Regards TB
    Bear Rules: Keep our home <50% RH summer, controls mites/mold and very comfortable.
    Provide 60-100 cfm of fresh air when occupied to purge indoor pollutants and keep window dry during cold weather. T-stat setup/setback +8 hrs. saves energy
    Use +Merv 10 air filter. -Don't forget the "Golden Rule"

  5. #5
    Join Date
    Jun 2001
    Location
    Moore, Oklahoma, United States
    Posts
    3,947
    Fixing the ductwork will have a much better payback than going with a 16SEER A/C unit.

  6. #6
    Join Date
    Aug 2011
    Location
    Northwest Indiana
    Posts
    40
    Did you get a quote for a variable speed furnace, or is it just a 2-stage? If you're fighting temp differences between the floors, a varialbe speed blower motor running all the time will help alleviate some of that temp delta. Also, I'm not sure you should be terribly concerned over a high seer AC in your neck of the woods. Unless Boston is hotter than I realize, a more efficient air conditioner won't run long enough during the year to pay for itself, so it would have to be a comfort decision (i.e. you want to get to 2-staging that requires a min of 16 SEER). I think your money would be better spent either getting your ducts fixed or installing a zone system so the 2nd floor can get the cooling it needs and you can be more comfortable year round (and actually save money by not undercooling the first floor in order to try to "force" more cold air upstairs). Personal opinion - 2-stage variable speed furnace, 13 SEER single stage AC, Zone system. I think you would be happier overall and cost difference wouldn't be too much if you step down from the 16SEER your condsidering currently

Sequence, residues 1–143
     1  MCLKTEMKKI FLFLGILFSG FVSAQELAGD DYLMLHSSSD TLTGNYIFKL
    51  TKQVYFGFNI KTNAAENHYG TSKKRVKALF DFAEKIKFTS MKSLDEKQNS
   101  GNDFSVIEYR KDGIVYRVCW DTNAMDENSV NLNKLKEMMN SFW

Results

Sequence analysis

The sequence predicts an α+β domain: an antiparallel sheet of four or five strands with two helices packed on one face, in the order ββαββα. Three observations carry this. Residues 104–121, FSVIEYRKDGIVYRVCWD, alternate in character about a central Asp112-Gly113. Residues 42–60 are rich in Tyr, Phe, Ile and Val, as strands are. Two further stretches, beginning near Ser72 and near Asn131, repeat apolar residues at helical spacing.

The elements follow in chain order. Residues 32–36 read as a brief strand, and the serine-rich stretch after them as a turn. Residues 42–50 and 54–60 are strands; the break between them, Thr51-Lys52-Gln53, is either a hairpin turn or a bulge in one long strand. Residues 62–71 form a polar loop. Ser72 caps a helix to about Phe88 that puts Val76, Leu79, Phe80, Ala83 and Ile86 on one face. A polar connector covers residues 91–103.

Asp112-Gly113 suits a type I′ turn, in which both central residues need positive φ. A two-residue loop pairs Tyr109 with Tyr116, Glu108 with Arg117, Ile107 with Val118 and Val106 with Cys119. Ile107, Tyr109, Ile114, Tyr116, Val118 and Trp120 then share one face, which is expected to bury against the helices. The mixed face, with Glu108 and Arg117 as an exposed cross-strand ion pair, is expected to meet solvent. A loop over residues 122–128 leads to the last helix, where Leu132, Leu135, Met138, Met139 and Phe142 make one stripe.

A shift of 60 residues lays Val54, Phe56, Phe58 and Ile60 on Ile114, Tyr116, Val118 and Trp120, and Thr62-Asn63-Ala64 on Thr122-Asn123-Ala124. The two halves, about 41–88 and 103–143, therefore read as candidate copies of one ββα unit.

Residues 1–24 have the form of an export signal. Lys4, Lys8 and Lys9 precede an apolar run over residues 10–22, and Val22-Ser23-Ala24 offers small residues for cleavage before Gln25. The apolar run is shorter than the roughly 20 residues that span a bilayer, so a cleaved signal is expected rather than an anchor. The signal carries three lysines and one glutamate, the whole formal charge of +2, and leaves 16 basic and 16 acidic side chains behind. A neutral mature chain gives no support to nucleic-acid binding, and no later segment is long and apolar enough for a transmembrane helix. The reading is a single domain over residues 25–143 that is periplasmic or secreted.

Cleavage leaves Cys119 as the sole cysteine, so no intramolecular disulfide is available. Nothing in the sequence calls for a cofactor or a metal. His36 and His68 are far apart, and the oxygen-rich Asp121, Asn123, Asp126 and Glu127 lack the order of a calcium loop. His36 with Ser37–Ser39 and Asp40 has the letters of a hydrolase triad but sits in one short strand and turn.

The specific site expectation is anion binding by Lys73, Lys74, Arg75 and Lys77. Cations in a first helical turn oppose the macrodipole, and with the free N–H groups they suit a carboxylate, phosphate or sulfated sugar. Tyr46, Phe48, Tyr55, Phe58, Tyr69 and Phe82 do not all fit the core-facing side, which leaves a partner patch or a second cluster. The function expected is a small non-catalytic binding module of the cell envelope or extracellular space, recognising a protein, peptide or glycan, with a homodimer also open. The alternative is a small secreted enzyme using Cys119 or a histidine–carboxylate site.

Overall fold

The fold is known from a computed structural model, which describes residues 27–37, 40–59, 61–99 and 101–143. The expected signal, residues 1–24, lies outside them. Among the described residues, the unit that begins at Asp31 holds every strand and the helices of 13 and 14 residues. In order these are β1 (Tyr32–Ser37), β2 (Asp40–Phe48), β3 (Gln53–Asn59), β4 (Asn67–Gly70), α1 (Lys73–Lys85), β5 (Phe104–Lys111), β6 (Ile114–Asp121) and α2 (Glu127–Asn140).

7. #7
    Join Date
    Aug 2011
    Location
    Boston, MA
    Posts
    13
    Quote Originally Posted by frumper15 View Post